Merrion Fertility Clinic, in collaboration with the Irish Cancer Society, is proud to announce the launch of the Childhood Cancer Fertility Project, a new ground-breaking initiative aimed at protecting the future fertility of children, adolescents and young adults undergoing cancer treatment.
In Ireland, around 200 children are diagnosed with cancer each year. Loss of fertility, while a less visible side-effect of cancer treatment, is known to profoundly impact the long-term quality of life for survivors of childhood cancer.
The Childhood Cancer Fertility Project aims to develop new supports and services to address the current significant gap in care for children with cancer in Ireland and aims to ensure that, where possible, lifesaving treatment for children does not come at the cost of their future dreams of parenthood. Despite an increasing need, Ireland currently lags behind the UK and other European countries in providing fertility services for children, adolescents and young adults who go through cancer. This means that some families are forced to resort to travelling abroad for help, amid the stress of cancer treatment, with others receiving no help at all. The Childhood Cancer Fertility Project looks at life beyond treatment for these groups, ensuring that, where possible, survivors are given the precious opportunity of having their own family in future.
The project will offer supports and services to three main groups:
- Adolescents and young adults will be offered access to an enhanced fertility preservation service for cancer patients operated by Merrion Fertility Clinic
- Female survivors of childhood cancers aged 18-24 will be invited to have their fertility needs assessed, and referred for further treatment or investigation where fertility treatments may still be an option
- Children who have yet to reach adolescence will benefit from the development, over the next 3 years, of ground-breaking fertility preservation methods previously not available in this country
The result of a €420,000 investment from the Irish Cancer Society as part of its commitment to improving the lives of cancer survivors, the Childhood Cancer Fertility Project will bring together top international expertise to deliver a world-class service that caters for a basic yet essential need among our cancer community. The three-year project aims to assist hundreds of childhood, adolescent and young adult cancer patients and survivors entirely free of cost to the user, in what is designed to provide a forerunner for a new national fertility preservation programme for these groups.
The project is supported by the National Child, Adolescent and Young Adult Fertility Preservation Consortium comprising the Irish Cancer Society, Merrion Fertility Clinic, the National Maternity Hospital, and Children’s Health Ireland, with further support provided by the National Cancer Control Programme (NCCP).
Clinical Director of Merrion Fertility Clinic, Prof Mary Wingfield, is the Clinical Lead for the Project. “
“I am absolutely delighted that we have received this funding grant. It will make such a difference to so many children, adolescents and their families.
We have been providing sperm freezing services for adolescent boys since mid-2018 and that has been hugely successful. Freezing eggs for girls is more complex and it will be wonderful to now be able to offer this service.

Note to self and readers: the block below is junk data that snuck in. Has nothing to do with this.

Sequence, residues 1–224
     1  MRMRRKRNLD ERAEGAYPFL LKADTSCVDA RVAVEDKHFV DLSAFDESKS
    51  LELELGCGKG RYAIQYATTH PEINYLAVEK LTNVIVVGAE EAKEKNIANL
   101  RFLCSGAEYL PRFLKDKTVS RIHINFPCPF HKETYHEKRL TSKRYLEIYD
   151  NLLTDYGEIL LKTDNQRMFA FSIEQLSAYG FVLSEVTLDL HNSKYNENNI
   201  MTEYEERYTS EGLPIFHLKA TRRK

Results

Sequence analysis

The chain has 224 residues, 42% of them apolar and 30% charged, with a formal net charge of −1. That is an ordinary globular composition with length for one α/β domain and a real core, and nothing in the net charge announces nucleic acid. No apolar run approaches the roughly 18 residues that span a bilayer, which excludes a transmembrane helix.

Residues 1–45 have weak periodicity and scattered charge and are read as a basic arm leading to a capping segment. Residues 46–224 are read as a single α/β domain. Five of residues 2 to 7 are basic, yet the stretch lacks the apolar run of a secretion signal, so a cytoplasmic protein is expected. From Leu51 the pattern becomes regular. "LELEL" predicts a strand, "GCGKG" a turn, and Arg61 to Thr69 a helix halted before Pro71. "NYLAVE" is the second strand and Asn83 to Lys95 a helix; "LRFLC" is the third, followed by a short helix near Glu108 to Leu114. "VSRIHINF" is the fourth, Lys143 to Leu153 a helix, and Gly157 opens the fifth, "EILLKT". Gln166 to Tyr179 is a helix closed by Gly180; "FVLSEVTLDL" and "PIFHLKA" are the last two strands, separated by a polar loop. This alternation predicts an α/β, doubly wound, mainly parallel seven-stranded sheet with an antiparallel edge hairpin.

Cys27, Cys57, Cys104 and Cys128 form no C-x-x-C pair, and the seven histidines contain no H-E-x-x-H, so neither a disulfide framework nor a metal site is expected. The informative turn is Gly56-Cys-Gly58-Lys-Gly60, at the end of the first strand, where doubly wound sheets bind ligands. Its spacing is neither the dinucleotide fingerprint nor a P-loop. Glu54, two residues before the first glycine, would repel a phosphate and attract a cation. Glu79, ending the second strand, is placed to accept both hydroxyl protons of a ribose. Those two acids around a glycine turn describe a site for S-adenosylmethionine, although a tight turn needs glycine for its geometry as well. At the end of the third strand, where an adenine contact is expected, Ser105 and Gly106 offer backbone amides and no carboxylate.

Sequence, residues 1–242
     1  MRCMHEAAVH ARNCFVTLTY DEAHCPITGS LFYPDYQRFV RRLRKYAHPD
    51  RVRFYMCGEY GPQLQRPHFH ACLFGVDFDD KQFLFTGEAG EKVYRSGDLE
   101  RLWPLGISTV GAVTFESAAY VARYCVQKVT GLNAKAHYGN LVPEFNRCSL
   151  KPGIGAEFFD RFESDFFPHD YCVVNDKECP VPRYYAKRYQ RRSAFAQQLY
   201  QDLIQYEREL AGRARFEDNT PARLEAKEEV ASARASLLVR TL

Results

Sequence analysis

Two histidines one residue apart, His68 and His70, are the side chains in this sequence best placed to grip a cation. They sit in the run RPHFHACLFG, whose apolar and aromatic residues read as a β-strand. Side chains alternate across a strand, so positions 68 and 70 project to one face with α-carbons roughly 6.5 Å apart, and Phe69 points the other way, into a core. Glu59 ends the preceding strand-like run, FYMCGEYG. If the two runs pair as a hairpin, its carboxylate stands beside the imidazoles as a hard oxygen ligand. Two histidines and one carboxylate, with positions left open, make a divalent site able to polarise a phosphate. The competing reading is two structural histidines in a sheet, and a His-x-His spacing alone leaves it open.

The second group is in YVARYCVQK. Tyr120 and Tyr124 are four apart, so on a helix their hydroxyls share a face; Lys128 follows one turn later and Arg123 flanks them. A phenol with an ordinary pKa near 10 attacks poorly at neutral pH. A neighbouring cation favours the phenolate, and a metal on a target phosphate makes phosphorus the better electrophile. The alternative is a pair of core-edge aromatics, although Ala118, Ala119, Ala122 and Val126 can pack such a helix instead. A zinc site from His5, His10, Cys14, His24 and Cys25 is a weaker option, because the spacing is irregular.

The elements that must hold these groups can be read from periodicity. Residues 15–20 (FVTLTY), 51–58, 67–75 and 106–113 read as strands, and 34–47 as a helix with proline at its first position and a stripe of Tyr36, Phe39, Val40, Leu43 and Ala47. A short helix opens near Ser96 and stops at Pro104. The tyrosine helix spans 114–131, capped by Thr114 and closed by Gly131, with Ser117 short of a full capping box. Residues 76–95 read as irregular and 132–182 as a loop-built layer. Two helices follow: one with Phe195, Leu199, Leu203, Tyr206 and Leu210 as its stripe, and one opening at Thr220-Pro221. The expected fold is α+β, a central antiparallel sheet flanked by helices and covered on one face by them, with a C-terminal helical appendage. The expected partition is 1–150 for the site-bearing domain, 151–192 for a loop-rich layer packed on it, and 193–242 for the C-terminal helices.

I am also really excited at the prospect of being able to establish a clinic for young survivors of cancer treatment – an opportunity for them to explore their fertility concerns.
I am so grateful to the Irish Cancer Society for enabling this service. It will in time have to be taken over by the State. But this is a fantastic start.”
What does childhood fertility preservation involve?
Fertility preservation is a type of fertility treatment that involves freezing or ‘cryopreserving’ reproductive cells (ie. eggs and sperm) for use at a later date to try for a pregnancy. For young adults who have gone through puberty, egg freezing and sperm freezing are well established methods of fertility preservation. For children and teenagers who have not yet started puberty, or in other cases where egg or sperm freezing is not an option, freezing gonadal/reproductive organ tissue (ie ovaries and testes) is currently the only alternative.
In particular, ovarian tissue cryopreservation is increasingly used in centres around the world to protect the future fertility of young girls. With this technology, all or part of the ovary (which contains immature eggs) are surgically removed and safely cryopreserved. When the child is older and cancer-free, the ovarian tissue can be transplanted back, typically to her pelvis.
Ovarian tissue cryopreservation programmes for adult women with cancer have been running in a number of large centres globally for at least 15 years, and pregnancy rates are encouraging. Spontaneous conceptions have been recorded and also IVF pregnancies with over 100 births . The use of immature ovarian tissue cryopreserved from children is regarded as more experimental than that in adult women but this service is being increasingly offered to children and adolescents in the UK, Europe, Australia and the US. The first successful such case was reported in the UK in 2016 when a 27 year old woman gave birth, following transplantation of her ovary frozen when she was 9 years of age. This procedure is not currently available in Ireland but it is hoped to develop it over the 3 years of this grant.
If you have an enquiry about this service, please contact the clinic at firstname.lastname@example.org